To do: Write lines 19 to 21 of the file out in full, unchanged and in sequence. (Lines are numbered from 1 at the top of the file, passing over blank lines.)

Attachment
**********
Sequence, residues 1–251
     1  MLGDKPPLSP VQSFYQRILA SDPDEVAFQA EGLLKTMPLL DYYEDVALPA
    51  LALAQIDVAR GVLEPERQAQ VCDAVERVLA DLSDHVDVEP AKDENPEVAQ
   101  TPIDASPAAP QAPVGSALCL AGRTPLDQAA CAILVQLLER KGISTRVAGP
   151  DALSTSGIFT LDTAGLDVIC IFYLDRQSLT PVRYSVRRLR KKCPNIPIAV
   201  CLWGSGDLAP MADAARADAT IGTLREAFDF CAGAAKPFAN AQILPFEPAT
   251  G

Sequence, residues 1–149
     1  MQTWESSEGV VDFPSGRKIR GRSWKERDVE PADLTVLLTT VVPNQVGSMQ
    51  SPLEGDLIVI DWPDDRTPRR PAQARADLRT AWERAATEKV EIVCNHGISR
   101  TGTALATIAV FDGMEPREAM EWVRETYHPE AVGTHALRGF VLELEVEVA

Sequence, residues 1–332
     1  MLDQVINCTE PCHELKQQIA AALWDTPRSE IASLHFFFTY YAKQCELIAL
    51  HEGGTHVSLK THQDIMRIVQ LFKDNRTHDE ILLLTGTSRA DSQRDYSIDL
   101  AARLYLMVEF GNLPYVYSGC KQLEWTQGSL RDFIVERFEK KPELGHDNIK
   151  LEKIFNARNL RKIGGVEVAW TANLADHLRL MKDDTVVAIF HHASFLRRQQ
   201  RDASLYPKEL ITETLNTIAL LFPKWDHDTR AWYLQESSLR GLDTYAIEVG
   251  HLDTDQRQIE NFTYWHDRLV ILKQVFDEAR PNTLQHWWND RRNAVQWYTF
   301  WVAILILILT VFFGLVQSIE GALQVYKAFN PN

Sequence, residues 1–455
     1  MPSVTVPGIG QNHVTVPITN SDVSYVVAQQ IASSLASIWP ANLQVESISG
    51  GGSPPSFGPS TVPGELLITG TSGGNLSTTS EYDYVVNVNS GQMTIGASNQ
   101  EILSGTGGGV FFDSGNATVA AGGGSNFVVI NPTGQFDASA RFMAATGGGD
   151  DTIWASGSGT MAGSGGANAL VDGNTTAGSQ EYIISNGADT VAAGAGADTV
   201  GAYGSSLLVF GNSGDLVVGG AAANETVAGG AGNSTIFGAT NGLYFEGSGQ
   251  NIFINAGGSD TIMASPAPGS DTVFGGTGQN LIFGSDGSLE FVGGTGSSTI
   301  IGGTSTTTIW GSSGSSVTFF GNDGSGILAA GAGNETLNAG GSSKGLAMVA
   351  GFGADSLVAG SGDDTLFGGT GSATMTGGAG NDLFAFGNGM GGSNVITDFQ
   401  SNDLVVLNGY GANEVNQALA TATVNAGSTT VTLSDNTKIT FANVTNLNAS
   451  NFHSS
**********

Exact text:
   301  WVAILILILT VFFGLVQSIE GALQVYKAFN PN

Sequence, residues 1–455
     1  MPSVTVPGIG QNHVTVPITN SDVSYVVAQQ IASSLASIWP ANLQVESISG